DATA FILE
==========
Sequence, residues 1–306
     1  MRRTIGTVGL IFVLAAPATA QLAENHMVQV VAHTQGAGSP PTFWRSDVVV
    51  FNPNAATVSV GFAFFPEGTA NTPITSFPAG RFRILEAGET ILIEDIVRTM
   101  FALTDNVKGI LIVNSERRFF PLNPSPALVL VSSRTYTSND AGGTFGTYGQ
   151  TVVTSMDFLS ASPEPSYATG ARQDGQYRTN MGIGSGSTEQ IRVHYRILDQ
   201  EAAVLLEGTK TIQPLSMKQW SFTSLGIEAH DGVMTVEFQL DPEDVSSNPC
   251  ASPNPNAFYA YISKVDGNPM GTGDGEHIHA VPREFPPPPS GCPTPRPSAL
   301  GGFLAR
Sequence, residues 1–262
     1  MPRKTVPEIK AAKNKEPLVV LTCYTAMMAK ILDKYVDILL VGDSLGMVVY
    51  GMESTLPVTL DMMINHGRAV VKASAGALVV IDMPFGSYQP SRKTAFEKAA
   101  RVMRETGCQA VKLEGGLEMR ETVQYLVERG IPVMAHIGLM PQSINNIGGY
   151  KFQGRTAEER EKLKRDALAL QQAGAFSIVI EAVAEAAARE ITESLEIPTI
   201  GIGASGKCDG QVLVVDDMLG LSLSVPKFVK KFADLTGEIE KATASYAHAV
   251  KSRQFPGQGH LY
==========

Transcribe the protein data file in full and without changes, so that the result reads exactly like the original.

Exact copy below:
Sequence, residues 1–306
     1  MRRTIGTVGL IFVLAAPATA QLAENHMVQV VAHTQGAGSP PTFWRSDVVV
    51  FNPNAATVSV GFAFFPEGTA NTPITSFPAG RFRILEAGET ILIEDIVRTM
   101  FALTDNVKGI LIVNSERRFF PLNPSPALVL VSSRTYTSND AGGTFGTYGQ
   151  TVVTSMDFLS ASPEPSYATG ARQDGQYRTN MGIGSGSTEQ IRVHYRILDQ
   201  EAAVLLEGTK TIQPLSMKQW SFTSLGIEAH DGVMTVEFQL DPEDVSSNPC
   251  ASPNPNAFYA YISKVDGNPM GTGDGEHIHA VPREFPPPPS GCPTPRPSAL
   301  GGFLAR
Sequence, residues 1–262
     1  MPRKTVPEIK AAKNKEPLVV LTCYTAMMAK ILDKYVDILL VGDSLGMVVY
    51  GMESTLPVTL DMMINHGRAV VKASAGALVV IDMPFGSYQP SRKTAFEKAA
   101  RVMRETGCQA VKLEGGLEMR ETVQYLVERG IPVMAHIGLM PQSINNIGGY
   151  KFQGRTAEER EKLKRDALAL QQAGAFSIVI EAVAEAAARE ITESLEIPTI
   201  GIGASGKCDG QVLVVDDMLG LSLSVPKFVK KFADLTGEIE KATASYAHAV
   251  KSRQFPGQGH LY